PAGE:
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Being Rich Does Not Imply Being Smart (Especially When One is Born Into Wealth)

Posted in Bill Gates, Quote at 10:34 am by Dr. Roy Schestowitz

Ruthlessness is not brilliance

'I see little commercial potential for the internet for the next 10 years,' 1994 and '[E-mail] spam will be a thing of the past in two years' time,' 2004

Summary: Presenting the ‘genius’ (college dropout, but that does not matter when the yardstick of wisdom is wealth alone), with his own predictions overlaid on top of his photo from the show of Bloomberg (another ‘genius’ whose supposed brilliance is measured using money alone)


‘Cancel Culture’ as ‘Thoughtpolice’ Creep

Posted in GNU/Linux, Quote at 6:06 am by Dr. Roy Schestowitz

Cancel culture

Summary: Richard Stallman spoke about an important aspect of censorship more than 2 decades ago (before “Open Source” even existed); it was published in Datamation (“Censoring My Software”) 23 years before a campaign of defamation on the Internet was used to remove him from MIT and FSF (censoring or ‘canceling’ Stallman himself)

Note: I used to be a writer at Datamation, but I stopped after they had been removing parts of my articles (especially those critical of Microsoft, which was a sponsor). I’ve since then written only in Techrights.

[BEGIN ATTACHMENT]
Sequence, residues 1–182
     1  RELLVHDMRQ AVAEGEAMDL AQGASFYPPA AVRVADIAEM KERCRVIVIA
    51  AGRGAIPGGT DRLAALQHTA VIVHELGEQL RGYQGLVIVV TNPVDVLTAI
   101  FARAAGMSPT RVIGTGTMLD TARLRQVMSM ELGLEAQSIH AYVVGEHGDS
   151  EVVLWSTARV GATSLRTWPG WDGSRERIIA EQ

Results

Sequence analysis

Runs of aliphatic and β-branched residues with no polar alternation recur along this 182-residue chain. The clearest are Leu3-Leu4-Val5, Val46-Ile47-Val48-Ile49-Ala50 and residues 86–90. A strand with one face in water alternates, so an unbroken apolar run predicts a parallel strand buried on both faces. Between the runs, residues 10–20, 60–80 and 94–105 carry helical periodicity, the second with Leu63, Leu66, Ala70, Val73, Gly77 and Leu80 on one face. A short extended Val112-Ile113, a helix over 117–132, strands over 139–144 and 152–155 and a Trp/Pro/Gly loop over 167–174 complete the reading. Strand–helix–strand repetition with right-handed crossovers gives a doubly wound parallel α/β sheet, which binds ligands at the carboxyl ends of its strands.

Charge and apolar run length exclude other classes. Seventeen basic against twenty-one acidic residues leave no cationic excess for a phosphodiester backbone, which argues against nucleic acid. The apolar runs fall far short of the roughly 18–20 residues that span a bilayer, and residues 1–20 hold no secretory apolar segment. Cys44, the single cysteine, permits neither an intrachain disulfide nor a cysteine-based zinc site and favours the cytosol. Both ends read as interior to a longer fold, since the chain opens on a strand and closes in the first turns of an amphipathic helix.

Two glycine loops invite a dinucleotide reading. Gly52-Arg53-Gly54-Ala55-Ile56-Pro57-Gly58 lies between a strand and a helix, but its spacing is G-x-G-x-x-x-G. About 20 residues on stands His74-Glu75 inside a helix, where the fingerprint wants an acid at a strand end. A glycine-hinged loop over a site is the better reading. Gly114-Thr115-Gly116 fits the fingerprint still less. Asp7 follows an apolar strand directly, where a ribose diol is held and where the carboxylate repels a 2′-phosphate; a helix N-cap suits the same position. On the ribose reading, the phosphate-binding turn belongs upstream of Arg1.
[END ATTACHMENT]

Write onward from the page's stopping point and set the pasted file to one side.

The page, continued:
Dangerous Thinker

Posted in Quote at 12:14 pm by Dr. Roy Schestowitz

Writing non-free software is not an ethically legitimate activity, so if people who do this run into trouble, that's good! All businesses based on non-free software ought to fail, and the sooner the better.

Summary: Society oughtn’t be alarmed by people who say unusual things; it should be wary and sceptical of those corporations ever so eager to silence such people


How Ralph Nader Put It

Posted in Quote at 12:53 am by Dr. Roy Schestowitz

Ralph Nader quotes

Summary: Ralph Nader on money in politics


Richard Stallman: “The danger is that Microsoft is probably planning to force all free C# implementations underground some day using software patents”

Posted in Mono, Quote at 9:44 am by Dr. Roy Schestowitz

…So spread the word about Monofree and Mononono. Impede entryism by Mono and Moonlight.

Trash sign with Mono


Quote of the Day: “Microsoft-sponsored Lobbyists and Lawyers Forming Groups to Initiate a Variety of Cases Against Google”

Posted in Antitrust, GNU/Linux, Google, Microsoft, Quote, SCO, SUN at 3:11 pm by Dr. Roy Schestowitz

Football huddle

Summary: Words of value from someone who was relatively close to regulators and a word about SCO against Linux

Simon Phipps, formerly an executive of Sun Microsystems, has this to say about the seemingly Microsoft-funded legal attacks on Google [1, 2, 3, 4]:

The conspiracy theories Pamela espouses are well-based. At the start of last year as I was working on other technology policy issues with colleagues in Brussels, there were constant stories of indirectly-but-identifiably Microsoft-sponsored lobbyists and lawyers forming groups to initiate a variety of cases against Google over there, on the premise that “anti-trust has changed us and now Google are the new monopoly”. I heard the same from colleagues in DC too. So, as Pamela says: “Is this perhaps more abuse of the legal and administrative systems for anticompetitive purposes? If so, could somebody investigate *that*?”